It’s not easy being childless at Christmas

Christmas! It’s almost here. Grownups are driving themselves crazy buying gifts, sending cards, and cooking for parties while kids act like my dog just before she goes for a walk: unbearably hyperactive, following me everywhere, barking at me, and even nipping at my hands because she just has to go for her walk RIGHT NOW.

As for the birth of Jesus, oh yes, that too.

If we have no children, it would seem to be less stressful. Stepchildren may up the anxiety, requiring you to act like a parent when you aren’t, but they might also be spending the holidays with their other mom or dad. So no problem, right? Wrong. If there was ever a time of year when our childlessness is shoved in our faces, this is it.

I stared at my little fake Christmas tree last night with exactly one tiny gift under there for me and felt so sorry for myself. If I had kids, if I still had a husband, I would have presents. I would have somebody making sure “Mom” or “Grandma” wasn’t alone. The kids might be coming, or I might be going to where they live.

I remember my own grandmother, whose birthday was on Christmas Eve. Everyone gathered on Dec. 24 to honor her with gifts, cake, and Portuguese food. The next day, Christmas, everybody came our house. Nobody was alone, and everybody had presents.

Yes, I know, it’s all about Jesus being born.

When I was looking at my tree, I happened to be sitting in the hot tub in my back yard looking through the window. The hot water soothed every joint and muscle. The stars twinkled bright above. The dog puttered around in the yard. Afterward, I put on my nightclothes and watched the Tony Bennett birthday special on TV. It was wonderful. Then I slept and woke up to a fresh new day full of possibilities. Nobody bothered me about anything. Hard life, huh?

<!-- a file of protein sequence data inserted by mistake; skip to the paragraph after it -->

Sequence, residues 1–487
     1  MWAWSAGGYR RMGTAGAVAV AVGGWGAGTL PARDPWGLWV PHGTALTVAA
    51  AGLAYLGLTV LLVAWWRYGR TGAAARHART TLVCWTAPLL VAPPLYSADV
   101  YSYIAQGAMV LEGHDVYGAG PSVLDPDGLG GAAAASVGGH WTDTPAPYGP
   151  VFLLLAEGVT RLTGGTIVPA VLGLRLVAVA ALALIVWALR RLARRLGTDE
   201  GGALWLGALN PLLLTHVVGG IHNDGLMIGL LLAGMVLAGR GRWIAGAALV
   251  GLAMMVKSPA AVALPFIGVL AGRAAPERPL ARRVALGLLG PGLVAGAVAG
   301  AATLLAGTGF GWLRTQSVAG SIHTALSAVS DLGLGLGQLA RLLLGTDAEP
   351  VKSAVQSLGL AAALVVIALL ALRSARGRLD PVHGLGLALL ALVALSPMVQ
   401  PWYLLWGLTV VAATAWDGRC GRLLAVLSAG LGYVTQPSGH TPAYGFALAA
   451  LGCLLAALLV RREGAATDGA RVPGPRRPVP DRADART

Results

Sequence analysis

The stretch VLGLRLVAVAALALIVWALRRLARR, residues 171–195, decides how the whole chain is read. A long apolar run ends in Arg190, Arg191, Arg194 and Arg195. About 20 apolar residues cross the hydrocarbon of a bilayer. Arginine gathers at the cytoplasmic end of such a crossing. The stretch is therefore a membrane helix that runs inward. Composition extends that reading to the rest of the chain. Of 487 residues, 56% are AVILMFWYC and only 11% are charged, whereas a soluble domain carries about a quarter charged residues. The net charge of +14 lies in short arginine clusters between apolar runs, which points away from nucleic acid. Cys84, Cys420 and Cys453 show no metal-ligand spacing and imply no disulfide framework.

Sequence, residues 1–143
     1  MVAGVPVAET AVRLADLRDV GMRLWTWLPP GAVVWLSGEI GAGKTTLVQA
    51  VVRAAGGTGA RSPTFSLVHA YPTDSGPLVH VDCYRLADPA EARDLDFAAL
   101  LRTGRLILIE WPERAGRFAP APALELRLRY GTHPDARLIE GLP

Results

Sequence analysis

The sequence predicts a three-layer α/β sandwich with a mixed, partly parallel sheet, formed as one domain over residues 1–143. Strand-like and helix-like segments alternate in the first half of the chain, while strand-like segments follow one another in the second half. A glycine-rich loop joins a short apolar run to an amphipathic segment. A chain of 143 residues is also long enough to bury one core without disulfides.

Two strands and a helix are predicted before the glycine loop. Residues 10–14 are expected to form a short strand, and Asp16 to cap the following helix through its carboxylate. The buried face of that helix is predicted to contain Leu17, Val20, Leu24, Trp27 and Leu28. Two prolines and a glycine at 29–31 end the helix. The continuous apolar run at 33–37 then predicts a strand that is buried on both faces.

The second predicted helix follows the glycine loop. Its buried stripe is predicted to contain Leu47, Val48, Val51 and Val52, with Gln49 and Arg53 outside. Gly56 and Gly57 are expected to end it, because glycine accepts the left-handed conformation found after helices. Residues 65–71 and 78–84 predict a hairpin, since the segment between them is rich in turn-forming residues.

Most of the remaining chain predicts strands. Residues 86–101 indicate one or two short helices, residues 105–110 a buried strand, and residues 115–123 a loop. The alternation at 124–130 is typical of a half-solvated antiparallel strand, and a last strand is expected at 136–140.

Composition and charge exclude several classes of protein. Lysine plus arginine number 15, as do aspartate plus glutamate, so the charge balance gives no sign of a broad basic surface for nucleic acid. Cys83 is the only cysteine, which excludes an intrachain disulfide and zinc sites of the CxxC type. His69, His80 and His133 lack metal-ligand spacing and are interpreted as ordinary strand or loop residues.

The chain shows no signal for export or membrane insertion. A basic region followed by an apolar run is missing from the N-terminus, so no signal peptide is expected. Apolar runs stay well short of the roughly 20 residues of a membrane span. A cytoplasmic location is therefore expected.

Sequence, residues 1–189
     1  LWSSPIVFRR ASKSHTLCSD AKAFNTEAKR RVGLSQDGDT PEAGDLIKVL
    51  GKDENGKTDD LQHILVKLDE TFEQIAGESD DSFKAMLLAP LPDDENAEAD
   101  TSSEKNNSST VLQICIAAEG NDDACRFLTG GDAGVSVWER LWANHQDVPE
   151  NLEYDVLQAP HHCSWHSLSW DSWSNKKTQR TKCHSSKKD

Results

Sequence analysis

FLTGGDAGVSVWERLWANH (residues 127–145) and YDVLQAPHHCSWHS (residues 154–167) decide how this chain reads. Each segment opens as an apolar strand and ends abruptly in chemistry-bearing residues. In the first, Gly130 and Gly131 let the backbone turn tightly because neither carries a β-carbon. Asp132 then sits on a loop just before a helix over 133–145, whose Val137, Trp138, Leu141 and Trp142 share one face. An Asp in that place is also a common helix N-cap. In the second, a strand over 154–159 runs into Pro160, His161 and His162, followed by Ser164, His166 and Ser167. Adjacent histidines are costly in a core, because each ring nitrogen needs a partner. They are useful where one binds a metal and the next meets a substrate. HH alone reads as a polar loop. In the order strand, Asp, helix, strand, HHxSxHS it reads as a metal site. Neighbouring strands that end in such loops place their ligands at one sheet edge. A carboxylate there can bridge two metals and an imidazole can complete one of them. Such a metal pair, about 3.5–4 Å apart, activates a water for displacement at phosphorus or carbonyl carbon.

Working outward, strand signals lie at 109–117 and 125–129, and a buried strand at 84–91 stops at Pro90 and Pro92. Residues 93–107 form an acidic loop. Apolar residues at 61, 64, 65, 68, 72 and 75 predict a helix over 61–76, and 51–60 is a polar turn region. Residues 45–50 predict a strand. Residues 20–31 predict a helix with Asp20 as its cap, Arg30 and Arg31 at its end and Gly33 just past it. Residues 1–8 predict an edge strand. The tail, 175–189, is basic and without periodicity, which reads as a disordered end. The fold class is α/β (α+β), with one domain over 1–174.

I know I am blessed in so many ways. I just found out another friend has been fighting breast cancer all year. That’s a real problem. Looking at that little tree, realizing what I could have had, not the presents but the people, the pain was excruciating. But as my father often says, it is what it is. You curse a little and go on.

And yes, Christmas is about Jesus. With most of our choir spending the holidays with their kids and grandkids, we’re short of singers. I will be singing and playing at two Masses on Christmas Eve and another one on Christmas Day. Afterward I’ll have dinner with friends whose kids are far away. We will exchange grownup gifts and probably watch TV or a movie. I will cry at some point, but it will be fine. Next week, when we meet again, it will be over.

Dear friends, how are you dealing with Christmas this year? What’s the hardest part? What advice do you have for others who don’t have children and wish they did? Please share in the comments.

 

 

 

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